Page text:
In 2007 the Union For Reform Judaism in a groundbreaking move to recognize the experiences of transgender Jews, published several prayers for sanctifying the sex-change process.
The 500-page Kulanu: A Program for Implementing Gay and Lesbian Inclusion includes services for same-sex commitment and marriage ceremonies as well as advice for the inclusion of GBLT individuals in the community. A website called Transtorah.org was recently launched that is designed to serve as a resource for the Jewish community on transgender issues.
"I believe that gay, lesbian, bisexual, and transgender (GBLT) Jews in our midst - our children, our relatives, and our friend - are in great need, as are we all of spiritual support," said Union of Reform Judaism President Rabbi Eric Yoffie in the manual's Statement of Purpose.
"In the ten years since the first edition of Kulanu was published there has been great progress in the way the Jewish community in general and the Reform synagogue community in particular has welcomed GLBT Jews," says the Union of Reform Judaism website. "This edition of Kulanu will continue to pave the way towards total inclusion of GLBT individuals and families in Reform Jewish Life."
While it may be news to Gentiles, the issues of transgender Jews were first addressed back in 1978. The Central Conference of American Rabbis deemed it permissible for one who had undergone a sex-change operation to be married according to Jewish tradition. In 1990, the CCAR allowed such individuals to be converted. In 2003 the union retroactively applied its policy on Jewish gays and lesbians to the transgender and bisexual communities.
Rabbi Elliot Kukla is a transperson who authored the blessings for transitioning genders. He was on the other side of the gender fence when he was ordained in 2006 by the Reform movement’s New York seminary.
He originally wrote the blessings for a friend who wanted to mark each time he received testosterone therapy and believes they are appropriate for multiple moments in the sex-change process, including “moments of medical transitions.”
On the Conservative Judaism side, there's been movement as well to consider transgender Jews place in the faith.
Rabbi Mayer Rabinowitz, an associate professor of Talmud at JTS, authored a rabbinic opinion, or teshuvah on transgender people that in 2003 was passed by the movement’s top lawmaking body.
Rabinowitz argued that Jewish law, or Halacha, should consider people who undergo sexual reassignment surgery in terms of their new gender.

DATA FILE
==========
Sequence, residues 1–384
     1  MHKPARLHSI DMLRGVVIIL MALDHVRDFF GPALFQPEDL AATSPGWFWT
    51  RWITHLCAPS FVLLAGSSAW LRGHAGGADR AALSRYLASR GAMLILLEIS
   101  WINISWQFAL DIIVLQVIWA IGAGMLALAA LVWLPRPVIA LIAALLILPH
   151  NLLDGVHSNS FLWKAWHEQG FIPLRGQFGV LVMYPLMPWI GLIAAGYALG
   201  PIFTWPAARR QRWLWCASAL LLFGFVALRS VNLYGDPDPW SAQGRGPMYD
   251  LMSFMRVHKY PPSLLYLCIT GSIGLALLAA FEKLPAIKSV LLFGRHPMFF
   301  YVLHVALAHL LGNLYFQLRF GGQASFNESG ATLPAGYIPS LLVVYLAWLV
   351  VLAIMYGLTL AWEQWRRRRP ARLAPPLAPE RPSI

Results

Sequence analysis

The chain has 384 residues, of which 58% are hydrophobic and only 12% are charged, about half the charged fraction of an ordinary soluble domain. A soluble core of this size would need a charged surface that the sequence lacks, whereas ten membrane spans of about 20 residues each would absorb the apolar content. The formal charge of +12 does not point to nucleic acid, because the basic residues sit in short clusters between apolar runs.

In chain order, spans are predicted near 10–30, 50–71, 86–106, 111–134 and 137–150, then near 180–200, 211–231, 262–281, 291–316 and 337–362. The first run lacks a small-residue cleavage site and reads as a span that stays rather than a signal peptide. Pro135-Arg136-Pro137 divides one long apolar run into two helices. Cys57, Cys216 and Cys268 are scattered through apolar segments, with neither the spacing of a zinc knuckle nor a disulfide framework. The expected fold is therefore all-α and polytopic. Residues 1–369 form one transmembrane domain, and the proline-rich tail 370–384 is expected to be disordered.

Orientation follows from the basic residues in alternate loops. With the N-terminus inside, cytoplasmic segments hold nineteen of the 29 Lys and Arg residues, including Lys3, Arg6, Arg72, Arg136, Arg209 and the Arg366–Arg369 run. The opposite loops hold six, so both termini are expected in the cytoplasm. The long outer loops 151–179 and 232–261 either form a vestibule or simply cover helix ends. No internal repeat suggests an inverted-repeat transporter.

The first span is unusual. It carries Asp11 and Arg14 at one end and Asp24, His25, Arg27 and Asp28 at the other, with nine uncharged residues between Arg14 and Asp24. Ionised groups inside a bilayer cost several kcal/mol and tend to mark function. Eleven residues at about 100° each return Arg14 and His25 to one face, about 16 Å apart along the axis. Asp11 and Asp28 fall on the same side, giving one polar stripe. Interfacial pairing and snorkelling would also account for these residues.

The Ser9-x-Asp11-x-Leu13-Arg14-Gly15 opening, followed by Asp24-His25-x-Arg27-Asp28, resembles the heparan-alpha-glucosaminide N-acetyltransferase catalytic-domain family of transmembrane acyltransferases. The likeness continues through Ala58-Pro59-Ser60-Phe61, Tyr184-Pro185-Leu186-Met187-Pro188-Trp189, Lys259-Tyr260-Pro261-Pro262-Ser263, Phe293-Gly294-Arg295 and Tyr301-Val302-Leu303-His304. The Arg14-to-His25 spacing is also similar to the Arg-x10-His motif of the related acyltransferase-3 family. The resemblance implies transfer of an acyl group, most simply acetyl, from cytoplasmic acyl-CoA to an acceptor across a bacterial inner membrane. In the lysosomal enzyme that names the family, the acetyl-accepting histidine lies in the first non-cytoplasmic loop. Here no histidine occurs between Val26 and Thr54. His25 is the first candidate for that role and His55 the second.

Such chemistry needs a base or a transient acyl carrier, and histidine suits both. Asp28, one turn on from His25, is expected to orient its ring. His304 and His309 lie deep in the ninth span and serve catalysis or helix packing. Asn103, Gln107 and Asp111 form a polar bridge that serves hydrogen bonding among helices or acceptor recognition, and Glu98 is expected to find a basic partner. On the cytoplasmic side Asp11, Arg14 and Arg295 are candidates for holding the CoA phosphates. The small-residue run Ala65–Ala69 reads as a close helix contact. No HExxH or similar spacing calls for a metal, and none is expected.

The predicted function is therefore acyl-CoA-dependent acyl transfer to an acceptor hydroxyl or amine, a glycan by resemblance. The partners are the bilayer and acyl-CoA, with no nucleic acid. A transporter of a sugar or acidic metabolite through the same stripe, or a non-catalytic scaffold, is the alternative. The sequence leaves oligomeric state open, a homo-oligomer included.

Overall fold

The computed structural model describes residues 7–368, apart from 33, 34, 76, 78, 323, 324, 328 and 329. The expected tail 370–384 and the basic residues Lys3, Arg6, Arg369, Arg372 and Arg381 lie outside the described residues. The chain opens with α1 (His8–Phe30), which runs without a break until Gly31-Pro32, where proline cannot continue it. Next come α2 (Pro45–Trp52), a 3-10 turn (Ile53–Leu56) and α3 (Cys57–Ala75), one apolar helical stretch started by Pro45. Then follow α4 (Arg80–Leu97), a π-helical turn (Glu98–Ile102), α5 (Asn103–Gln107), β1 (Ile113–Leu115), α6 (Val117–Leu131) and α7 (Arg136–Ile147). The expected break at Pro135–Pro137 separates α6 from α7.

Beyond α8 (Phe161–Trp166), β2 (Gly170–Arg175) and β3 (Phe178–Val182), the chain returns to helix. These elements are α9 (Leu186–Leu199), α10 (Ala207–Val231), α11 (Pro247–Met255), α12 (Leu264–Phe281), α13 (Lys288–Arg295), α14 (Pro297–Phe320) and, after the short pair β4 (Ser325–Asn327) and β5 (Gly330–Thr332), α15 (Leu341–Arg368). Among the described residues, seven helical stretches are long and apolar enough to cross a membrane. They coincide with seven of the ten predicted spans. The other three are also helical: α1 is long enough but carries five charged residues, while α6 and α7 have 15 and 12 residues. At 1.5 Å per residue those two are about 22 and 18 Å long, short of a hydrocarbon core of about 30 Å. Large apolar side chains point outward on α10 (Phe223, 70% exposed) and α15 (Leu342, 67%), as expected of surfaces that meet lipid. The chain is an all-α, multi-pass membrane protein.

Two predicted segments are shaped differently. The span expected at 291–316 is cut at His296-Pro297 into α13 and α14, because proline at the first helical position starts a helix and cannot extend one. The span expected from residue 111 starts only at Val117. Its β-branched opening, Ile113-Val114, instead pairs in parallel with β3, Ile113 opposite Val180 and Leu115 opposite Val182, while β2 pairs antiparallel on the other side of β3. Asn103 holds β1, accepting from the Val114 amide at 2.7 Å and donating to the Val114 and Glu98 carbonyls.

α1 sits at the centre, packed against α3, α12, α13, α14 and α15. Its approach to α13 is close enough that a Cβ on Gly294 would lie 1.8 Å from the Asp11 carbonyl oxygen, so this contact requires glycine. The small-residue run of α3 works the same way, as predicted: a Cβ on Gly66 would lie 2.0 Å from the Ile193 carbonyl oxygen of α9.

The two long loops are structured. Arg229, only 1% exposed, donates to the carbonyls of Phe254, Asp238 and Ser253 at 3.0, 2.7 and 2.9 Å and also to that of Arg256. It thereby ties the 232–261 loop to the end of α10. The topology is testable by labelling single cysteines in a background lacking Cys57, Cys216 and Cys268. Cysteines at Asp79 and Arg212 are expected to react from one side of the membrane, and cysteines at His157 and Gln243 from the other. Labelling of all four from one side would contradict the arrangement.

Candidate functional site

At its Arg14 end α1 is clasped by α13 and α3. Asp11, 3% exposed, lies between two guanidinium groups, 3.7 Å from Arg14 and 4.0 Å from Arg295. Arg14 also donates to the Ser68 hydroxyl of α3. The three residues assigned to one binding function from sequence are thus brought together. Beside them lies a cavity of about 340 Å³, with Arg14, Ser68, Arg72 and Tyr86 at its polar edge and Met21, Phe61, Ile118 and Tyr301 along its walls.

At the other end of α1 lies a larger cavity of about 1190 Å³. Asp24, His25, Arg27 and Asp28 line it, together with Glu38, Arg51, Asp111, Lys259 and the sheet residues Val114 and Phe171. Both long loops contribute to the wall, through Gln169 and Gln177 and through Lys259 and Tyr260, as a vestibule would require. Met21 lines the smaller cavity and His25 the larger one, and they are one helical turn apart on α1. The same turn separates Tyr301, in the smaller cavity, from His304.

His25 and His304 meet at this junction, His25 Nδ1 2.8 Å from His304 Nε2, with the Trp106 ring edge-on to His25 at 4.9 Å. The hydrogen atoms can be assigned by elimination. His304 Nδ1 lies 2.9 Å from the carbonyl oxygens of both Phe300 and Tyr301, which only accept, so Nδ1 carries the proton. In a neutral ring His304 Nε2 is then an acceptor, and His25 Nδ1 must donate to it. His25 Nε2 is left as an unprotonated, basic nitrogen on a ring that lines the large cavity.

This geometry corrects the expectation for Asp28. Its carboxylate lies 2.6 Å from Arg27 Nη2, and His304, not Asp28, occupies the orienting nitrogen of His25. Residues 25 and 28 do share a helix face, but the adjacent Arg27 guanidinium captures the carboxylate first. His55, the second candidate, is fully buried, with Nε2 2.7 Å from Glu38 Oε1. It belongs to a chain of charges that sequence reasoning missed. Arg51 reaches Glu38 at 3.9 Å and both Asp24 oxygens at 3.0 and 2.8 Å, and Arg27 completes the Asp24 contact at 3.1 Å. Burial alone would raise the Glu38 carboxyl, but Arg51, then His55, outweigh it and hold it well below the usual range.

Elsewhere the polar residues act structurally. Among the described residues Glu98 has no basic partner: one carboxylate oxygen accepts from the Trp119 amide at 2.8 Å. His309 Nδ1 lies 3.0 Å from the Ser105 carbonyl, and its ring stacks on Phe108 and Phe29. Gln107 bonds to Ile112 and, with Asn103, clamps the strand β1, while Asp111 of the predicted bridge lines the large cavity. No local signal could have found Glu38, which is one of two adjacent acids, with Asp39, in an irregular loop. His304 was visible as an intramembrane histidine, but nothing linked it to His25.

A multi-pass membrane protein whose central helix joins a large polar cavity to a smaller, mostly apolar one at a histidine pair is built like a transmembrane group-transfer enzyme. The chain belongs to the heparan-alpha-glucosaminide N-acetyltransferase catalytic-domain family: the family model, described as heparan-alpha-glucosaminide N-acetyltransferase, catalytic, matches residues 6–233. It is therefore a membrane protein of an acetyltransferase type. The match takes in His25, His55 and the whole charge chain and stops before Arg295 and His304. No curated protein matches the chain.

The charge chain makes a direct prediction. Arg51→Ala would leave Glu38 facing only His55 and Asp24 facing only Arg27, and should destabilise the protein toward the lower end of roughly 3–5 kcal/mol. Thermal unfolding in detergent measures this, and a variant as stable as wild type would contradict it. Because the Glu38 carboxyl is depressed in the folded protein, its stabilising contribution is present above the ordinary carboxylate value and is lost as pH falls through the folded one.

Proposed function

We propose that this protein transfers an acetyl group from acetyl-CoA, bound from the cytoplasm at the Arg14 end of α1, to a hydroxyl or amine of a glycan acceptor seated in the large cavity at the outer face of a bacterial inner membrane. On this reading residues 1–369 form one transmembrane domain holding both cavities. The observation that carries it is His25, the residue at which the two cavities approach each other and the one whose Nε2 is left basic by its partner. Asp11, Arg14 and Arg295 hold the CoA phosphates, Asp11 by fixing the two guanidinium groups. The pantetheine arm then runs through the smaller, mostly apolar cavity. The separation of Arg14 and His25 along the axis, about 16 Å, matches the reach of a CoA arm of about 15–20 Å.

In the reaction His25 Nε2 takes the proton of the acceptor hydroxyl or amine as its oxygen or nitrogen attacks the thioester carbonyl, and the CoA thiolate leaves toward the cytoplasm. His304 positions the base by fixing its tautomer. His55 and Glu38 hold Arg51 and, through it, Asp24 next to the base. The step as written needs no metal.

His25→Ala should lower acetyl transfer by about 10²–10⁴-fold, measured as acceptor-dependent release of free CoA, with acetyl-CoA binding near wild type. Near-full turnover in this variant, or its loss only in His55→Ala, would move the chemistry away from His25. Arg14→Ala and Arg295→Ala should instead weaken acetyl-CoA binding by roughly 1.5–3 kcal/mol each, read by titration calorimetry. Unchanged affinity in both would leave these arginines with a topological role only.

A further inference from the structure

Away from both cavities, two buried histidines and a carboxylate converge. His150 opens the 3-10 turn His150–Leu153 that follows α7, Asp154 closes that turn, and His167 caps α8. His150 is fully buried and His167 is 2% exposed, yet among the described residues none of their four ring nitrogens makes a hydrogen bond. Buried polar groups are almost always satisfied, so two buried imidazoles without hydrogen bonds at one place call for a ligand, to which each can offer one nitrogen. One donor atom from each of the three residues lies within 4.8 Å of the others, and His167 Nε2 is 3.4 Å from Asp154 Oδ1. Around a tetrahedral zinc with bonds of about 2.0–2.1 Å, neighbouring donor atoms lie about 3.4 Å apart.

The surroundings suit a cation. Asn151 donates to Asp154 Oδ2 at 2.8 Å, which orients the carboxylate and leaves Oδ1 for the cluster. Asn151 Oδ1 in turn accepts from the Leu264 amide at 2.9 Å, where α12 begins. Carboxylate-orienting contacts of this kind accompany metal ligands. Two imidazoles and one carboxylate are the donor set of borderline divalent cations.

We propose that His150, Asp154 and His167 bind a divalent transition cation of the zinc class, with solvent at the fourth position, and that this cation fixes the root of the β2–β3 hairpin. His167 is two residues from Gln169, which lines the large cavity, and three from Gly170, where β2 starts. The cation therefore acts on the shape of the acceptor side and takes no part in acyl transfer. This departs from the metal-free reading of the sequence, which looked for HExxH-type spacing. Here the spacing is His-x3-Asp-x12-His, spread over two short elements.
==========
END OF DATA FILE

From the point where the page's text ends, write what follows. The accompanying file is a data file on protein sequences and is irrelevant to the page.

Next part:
Rabinowitz’s teshuvah states,
“Those who claim that we can not change God’s creation are closing their eyes to conversion, and to transplants as well as many other medical procedures which in fact do change God’s creation. Halakhah has always been macroscopic and not microscopic. Therefore, external organs determine the sexual status of a person.”
Rabbi Leonard Sharzer, who once was a plastic surgeon who performed SRS surgeries, is a senior fellow in bioethics at the Louis Finkelstein Institute for Religious and Social Studies at New York's Jewish Theological Seminary. He has written a teshuvah that built upon Rabinowitz's earlier one, but has yet to be submitted to the law committee.
Sharzer proposes that an individual claiming a transgender identity be considered the gender that person claims for himself or herself, regardless of whether or not he or she has undergone surgery.
As of yet, Ultra Orthodox people don't recognize the concept of transgender Jews. Avi Shafran, the director of Agudath Israel of America, said in a recent interview that under Jewish law, "and that’s all that should matter to an Orthodox Jew, if the physiology is clearly male or female, then they are considered that."
The recent transition of Joy Ladin at New York's Yeshiva University and other transgender Jews such as Israeli singer Aderet kind of throws a wrench in that line of thought.
Rabbi Kukla writes in the introduction to the Kulanu, which means 'all of us' in Hebrew, “The midrash, classical Jewish exegesis, adds that the adam harishon, the first human being formed in God’s likeness, was an androgynos, an intersex person,” “Hence our tradition teaches that all bodies and genders are created in God’s image whether we identify as men, women, intersex, or something else.”
It is something that all religious folks having issues with transgender people would do well to remember.